Darling said the center tries to be pastoral in its attempt to correct injustices. Often a phone call or a visit like the one Castleman described will resolve the issue. If persuasion does not work, she said, “assistance from a bunch of volunteer lawyers” helps. To date CICWI has gotten almost $2 million in back pay for workers.
Castleman said workers come to the IWRC with five basic complaints:
Wage and hour violations – Not being paid for overtime or time worked, checks that bounce. Unscrupulous employers exploit immigrant workers because they think the workers will not report them for fear of being deported.
Workplace injuries – Many employers expose immigrant workers to dangerous conditions. Latinos are three times more likely to suffer an accident or death on the job as Caucasians of African Americans.
Discrimination – This one is hard to prove.
Retaliation – Although firing employees or threatening them with a call to INS is illegal, some employers use this stick to keep workers in line.
Termination of employment – Unless discrimination can be proved, U.S. law does not now provide any recourse for workers who are fired. What the IWRC does in that case is try to determine if the employer has broken other laws.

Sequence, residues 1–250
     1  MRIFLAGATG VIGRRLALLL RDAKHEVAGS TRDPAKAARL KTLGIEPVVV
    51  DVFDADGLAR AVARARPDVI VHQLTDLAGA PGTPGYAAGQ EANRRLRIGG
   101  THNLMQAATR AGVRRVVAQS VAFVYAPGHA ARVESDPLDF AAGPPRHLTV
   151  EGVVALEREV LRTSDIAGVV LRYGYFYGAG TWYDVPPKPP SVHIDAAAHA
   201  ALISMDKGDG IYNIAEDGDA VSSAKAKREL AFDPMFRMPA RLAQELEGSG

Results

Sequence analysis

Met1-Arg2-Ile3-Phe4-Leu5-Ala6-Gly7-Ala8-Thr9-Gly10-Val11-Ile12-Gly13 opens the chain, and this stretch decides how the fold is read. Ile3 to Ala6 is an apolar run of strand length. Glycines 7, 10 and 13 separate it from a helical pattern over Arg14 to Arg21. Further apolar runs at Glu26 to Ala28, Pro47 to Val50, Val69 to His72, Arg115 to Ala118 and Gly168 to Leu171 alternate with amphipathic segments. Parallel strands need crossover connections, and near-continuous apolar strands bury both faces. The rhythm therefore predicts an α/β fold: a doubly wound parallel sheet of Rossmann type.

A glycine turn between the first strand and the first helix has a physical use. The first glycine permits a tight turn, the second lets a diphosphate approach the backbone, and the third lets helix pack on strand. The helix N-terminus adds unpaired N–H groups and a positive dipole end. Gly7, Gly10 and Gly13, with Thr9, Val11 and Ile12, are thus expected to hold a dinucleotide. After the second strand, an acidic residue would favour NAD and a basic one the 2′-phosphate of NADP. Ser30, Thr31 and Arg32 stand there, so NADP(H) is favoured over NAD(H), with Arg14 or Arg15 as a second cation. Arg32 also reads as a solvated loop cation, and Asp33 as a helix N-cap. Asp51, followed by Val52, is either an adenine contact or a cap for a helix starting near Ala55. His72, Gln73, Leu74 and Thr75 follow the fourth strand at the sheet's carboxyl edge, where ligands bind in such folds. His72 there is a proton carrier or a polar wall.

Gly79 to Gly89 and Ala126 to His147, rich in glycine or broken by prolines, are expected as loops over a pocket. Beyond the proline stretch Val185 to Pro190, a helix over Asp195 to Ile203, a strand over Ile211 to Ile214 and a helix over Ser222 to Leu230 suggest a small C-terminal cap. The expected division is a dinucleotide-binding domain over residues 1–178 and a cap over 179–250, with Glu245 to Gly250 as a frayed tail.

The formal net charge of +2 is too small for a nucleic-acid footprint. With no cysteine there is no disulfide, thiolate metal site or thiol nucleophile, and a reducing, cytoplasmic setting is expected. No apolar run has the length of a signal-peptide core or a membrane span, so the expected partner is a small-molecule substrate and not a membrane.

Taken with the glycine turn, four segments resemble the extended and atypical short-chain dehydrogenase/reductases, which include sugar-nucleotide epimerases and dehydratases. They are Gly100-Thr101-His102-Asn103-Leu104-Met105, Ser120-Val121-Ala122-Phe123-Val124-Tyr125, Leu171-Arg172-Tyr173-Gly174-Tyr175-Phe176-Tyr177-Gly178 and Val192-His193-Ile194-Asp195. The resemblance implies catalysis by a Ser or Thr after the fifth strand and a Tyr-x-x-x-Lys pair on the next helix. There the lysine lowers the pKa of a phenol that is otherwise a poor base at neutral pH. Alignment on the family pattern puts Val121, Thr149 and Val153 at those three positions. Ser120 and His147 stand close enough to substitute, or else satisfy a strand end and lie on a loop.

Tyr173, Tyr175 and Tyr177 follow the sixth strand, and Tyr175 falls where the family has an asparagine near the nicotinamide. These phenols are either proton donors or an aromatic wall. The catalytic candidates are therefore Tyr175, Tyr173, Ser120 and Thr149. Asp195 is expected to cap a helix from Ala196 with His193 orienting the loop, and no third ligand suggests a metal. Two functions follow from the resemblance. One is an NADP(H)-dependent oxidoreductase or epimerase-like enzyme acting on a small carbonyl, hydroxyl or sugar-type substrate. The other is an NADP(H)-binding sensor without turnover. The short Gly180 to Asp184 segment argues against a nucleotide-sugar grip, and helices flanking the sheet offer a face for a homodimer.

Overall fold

A third core program, Faith and Labor Solidarity, coordinates support for worker-led campaigns, drawing media attention to workers’ struggles for justice.
Hawking said the “interfaith” in her organization’s name is evidenced by the variety of denominations involved: Jewish, Catholic, United Methodist, Lutheran, Spiritualist and Unitarian.
Darling acknowledged that CICWI sometimes doesn’t get much traction with people living outside the city. “In my conversations with some other suburbanites, there seems to be some hostility to unions, and some hostility to immigrant labor,” she said. “Economic justice seems to be just about the hardest thing for middle class people to look at. So a lot of education needs to happen.”
The way the CICWI tries to integrate spiritual values and politics is more compatible with the theology and values of the religious left. If the religious right stands for personal morals, the religious left tends to focus on social justice. Jim Wallis (God’s Politics) takes the religious left to task for what might be termed a religious taboo against mixing religion and politics by saying that until recently, “too many Democrats still wanted to restrict religion to the private sphere and were very uncomfortable with the language of faith and values even when applied to their own agenda.” Clearly, CICWI, founded in 1991, is one liberal group that is not afraid to bring God out of the closet.
Or as Hawking puts it: “We treat others the way we would want to be treated.”